Over that last several decades, university researchers have studied how soil conditions affect the growth of many different kinds of plants. The result is a collection of information about the optimum soil pH and nutrient levels required by many different plants. This information should be properly regarded as approximate, rather than definite, since soil is too complex to be characterized with precision.

Aspects of Soil Fertility

Soil pH

Most garden plants grow well when the pH of the soil is in the neighborhood of 6.2 to 6.6. There are a few garden plants that thrive at a lower pH, such as, potatoes, strawberries and raspberries. A partial list of recommended pH's is shown below.


6.2 - 7.0
6.2 - 6.8
4.2 - 5.5
6.0 - 6.8
5.6 - 6.6
5.8 - 6.8
5.8 - 6.8
6.0 - 7.0
6.0 - 6.8
5.8 - 6.8

Snap Beans
Sweet Corn

5.8 - 6.6
5.4 - 6.2
6.0 - 6.8
5.6 - 6.2
5.8 - 6.6
6.0 - 6.8
5.4 - 6.4
6.0 - 6.8
6.2 - 7.0
6.0 - 6.8

Nitrogen, phosphorus and potassium

The macronutrients are used in large quantities by plants, and they are most often supplemented. Nitrogen require special attention since it is readily leached from the soil by percolating rain water. Typically, nitrogen fertilizer is applied every year as a matter of standard practice.

Calcium, magnesium and sulfur

The secondary nutrients are required in smaller amounts than the macronutrients, and they need to be supplemented less often. Any deficiencies can be addressed by amending the soil with lime, dolomitic lime or gypsum.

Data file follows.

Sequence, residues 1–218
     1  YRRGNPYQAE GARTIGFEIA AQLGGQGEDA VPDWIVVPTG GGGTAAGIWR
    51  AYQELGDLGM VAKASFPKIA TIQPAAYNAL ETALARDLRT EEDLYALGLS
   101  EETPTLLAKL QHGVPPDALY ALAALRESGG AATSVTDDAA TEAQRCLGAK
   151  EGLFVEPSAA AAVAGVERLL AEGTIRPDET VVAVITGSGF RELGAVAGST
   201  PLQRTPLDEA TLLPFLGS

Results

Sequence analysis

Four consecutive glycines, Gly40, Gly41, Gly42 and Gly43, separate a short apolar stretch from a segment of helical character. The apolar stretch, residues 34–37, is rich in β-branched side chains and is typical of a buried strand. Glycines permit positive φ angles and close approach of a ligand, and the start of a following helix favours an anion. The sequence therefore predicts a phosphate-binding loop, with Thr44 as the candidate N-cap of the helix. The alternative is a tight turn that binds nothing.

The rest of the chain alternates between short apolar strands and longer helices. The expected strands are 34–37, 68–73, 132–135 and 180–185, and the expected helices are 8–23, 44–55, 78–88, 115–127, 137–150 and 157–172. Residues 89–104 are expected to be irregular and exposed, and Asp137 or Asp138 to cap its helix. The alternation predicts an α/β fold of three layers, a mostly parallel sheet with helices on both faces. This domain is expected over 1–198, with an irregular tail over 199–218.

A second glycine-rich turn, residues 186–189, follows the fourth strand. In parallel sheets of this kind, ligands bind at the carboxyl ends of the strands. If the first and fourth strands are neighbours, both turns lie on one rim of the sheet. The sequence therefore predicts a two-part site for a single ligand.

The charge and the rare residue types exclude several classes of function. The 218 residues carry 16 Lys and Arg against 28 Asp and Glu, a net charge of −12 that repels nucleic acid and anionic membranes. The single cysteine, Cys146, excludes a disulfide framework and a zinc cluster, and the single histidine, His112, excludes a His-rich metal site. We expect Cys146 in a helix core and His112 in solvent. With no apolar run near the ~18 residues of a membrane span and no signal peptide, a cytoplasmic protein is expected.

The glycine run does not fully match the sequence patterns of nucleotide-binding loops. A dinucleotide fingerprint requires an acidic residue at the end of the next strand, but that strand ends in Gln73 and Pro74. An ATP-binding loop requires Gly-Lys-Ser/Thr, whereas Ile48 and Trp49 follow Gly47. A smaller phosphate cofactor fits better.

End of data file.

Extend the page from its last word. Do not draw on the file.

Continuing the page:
Deficiencies in boron, iron, manganese, copper or zinc are uncommon and problems generally only occur in areas with unusual soil conditions.

Organic matter

Organic matter improves the soil's water- and nutrient-holding capacity, and improves the soil texture. It also acts as a slow-release reservoir of nutrients. High levels of organic matter can reduce or eliminate the need for artificial fertilizers. However, excessive organic matter can lead to excessive amounts of nitrogen being released into the soil. This can lead to increased vegetative growth in plants such as tomato, at the expense of fruit production.

Using the Soil Test Report

The garden soil test report is customized based on the garden crop(s) you choose on the sample submission form. A graph shows how the level of each nutrient in your soil measures up to the recommendations for your crop. The quantities of lime and fertilizer required per 100 square feet of garden area are also reported. Please note that lime reacts slowly and it may take 6 months to a year for pH to reach the target level. An additional page of information is included that describes how to correct any soil problems identified.